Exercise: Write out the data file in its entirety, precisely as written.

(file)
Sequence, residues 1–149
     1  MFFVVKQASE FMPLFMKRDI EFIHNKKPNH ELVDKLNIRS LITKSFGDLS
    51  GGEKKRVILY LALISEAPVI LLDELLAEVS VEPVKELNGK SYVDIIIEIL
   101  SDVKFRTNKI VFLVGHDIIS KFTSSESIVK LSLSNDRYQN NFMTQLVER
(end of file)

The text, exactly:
Sequence, residues 1–149
     1  MFFVVKQASE FMPLFMKRDI EFIHNKKPNH ELVDKLNIRS LITKSFGDLS
    51  GGEKKRVILY LALISEAPVI LLDELLAEVS VEPVKELNGK SYVDIIIEIL
   101  SDVKFRTNKI VFLVGHDIIS KFTSSESIVK LSLSNDRYQN NFMTQLVER